Cindy Sherman |
|Photograph | C-Print|
|127 x 84 cm|
Sherman’s photos represent an essential change that took place in the 80s: despite maintaining the 70s’ proposition of a non-sellable art, she turned her photographs into market products. In fact, she is a performer who uses photography from a conceptual standpoint, being both the model and author of the work at the same time: the most important factor isn’t the act of taking the picture, but what precedes the act itself, the intentionality within it, even if it finally turns out to be a product that is not only framed and exhibited, but numbered and sold. Anyhow, if it is true that Sherman’s work brings up a proposition that comes close to gender issues – due to the fact that, in her work, she reveals the tangential point between the woman as object and subject-, it is no less true that due to this peculiar characteristic, the artist at times feels that her images are too attractive, and that upon buying them, a collector takes home both the work, and the artist.
As a result, from the 90s onward, Sherman’s works became the logical consequence of this suspicion. From snapshots of food leftovers she made in the 80s –which included simulations of vomit-, which critics have linked to the concept of “the abject” in Kristeva – that which disturbs order, the system-, Sherman chose to subvert the stereotypes of women she had created throughout a decade and which had, at the same time, become another type of stereotype.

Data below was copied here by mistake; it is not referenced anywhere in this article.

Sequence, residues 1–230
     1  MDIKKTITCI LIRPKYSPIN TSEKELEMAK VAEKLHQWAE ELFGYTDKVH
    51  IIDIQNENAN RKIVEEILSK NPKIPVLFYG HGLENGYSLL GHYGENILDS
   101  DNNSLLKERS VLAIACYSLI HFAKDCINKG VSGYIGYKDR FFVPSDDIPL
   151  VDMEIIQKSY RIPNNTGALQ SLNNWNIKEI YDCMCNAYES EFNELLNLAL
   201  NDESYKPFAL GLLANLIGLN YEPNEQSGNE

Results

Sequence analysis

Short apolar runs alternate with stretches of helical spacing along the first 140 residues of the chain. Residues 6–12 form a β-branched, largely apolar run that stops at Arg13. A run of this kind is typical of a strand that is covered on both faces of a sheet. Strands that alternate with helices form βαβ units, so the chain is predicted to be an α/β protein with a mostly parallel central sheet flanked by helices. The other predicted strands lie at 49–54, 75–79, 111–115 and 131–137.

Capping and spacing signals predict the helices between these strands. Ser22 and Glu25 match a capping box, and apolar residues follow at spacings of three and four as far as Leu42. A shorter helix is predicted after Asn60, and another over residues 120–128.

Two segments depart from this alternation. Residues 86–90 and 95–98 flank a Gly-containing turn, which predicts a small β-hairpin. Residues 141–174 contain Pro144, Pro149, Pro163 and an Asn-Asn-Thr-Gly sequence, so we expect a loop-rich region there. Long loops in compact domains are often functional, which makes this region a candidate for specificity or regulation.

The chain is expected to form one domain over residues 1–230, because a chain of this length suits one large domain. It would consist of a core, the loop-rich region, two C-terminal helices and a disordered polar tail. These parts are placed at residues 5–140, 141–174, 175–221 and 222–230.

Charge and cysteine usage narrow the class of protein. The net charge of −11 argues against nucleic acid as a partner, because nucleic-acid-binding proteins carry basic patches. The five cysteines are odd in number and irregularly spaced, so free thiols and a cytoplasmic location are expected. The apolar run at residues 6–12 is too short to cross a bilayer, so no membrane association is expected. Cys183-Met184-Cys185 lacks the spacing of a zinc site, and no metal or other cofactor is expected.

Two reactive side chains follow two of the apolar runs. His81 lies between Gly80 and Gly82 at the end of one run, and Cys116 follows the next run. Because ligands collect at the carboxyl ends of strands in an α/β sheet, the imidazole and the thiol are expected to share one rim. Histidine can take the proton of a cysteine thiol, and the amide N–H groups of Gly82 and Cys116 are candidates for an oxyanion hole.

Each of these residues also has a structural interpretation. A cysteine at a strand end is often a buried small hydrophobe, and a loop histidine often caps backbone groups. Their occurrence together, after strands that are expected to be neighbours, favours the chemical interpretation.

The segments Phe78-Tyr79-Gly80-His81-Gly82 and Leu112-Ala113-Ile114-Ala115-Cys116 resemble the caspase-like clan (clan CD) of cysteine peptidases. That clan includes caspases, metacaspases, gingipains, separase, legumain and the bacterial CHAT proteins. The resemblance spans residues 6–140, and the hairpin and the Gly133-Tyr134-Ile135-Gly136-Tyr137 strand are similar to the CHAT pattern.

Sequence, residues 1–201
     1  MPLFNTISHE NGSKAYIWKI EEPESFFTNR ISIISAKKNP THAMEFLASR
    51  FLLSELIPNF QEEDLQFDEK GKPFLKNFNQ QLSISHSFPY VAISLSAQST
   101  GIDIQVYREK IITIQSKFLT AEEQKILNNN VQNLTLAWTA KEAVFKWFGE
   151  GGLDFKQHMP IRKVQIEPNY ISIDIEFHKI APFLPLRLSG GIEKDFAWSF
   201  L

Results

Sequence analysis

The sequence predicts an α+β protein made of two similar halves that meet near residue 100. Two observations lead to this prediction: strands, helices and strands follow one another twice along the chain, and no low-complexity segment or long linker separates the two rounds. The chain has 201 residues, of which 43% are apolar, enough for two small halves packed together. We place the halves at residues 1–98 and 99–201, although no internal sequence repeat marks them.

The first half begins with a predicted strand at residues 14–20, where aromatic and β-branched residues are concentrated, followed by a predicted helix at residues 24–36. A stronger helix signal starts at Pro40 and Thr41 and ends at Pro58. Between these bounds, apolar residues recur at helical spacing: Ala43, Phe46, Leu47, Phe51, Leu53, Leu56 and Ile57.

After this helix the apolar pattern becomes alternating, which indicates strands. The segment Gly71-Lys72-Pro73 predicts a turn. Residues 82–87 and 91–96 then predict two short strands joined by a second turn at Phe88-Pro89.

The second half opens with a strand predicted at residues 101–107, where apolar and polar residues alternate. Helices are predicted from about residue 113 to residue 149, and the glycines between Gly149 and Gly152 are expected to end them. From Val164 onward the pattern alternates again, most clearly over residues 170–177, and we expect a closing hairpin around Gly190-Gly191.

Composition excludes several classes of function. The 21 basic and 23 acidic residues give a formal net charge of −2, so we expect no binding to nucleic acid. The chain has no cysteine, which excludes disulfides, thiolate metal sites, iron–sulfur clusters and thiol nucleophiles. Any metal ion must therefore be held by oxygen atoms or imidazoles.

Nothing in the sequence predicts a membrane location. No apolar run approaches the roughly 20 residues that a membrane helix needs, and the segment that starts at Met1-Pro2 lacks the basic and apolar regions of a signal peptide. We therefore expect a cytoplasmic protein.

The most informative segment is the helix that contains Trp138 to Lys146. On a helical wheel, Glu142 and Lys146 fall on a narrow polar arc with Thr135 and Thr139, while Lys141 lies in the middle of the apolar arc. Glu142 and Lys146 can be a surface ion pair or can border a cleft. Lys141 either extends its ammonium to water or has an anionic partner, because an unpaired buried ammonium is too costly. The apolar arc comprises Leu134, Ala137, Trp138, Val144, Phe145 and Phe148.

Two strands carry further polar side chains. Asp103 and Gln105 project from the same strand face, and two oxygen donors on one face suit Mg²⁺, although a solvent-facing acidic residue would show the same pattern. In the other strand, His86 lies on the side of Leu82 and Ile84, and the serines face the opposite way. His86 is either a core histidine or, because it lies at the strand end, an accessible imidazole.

It was at this point when, after a decade of using a language that came close to that of the media as a false mirror to promote alienating identifications and thus denounce the media itself, Sherman turned her eyes to more radical strategies, where she finally even disappeared as a model, replacing the human presence with inanimate beings such as dolls or masks – as in Masks (1994-95). This series culminated in a process that is half way between the grotesque and the gothic, a certain systematic search for the anti-canonical, as an antidote for the stereotypes that her anti-stereotypes had generated. It is a strategy that gradually developed during earlier years, and, more specifically, through series such as History Portraits (1988-90) – which were stagings of portraits of excess in the style of the old masters- and Sex Pictures (1992) – whose pornography resides in the use of obscene mannequins. Finally, in Horror and Surrealist Pictures (1994-96), bodies disintegrate, proposing a ghostly game that somehow already appeared in this photograph. Here, female stereotypes have been stretched, and this ambiguous, androgynous, even masculine, character, has been exacerbated, through a gothic and horrific image of its face covered, once again, with a sort of mask. They are elements of the strategy of attack and annihilation that Sherman uses against the imposed canons of female beauty she has been trying to expose throughout the years.
Estrella de Diego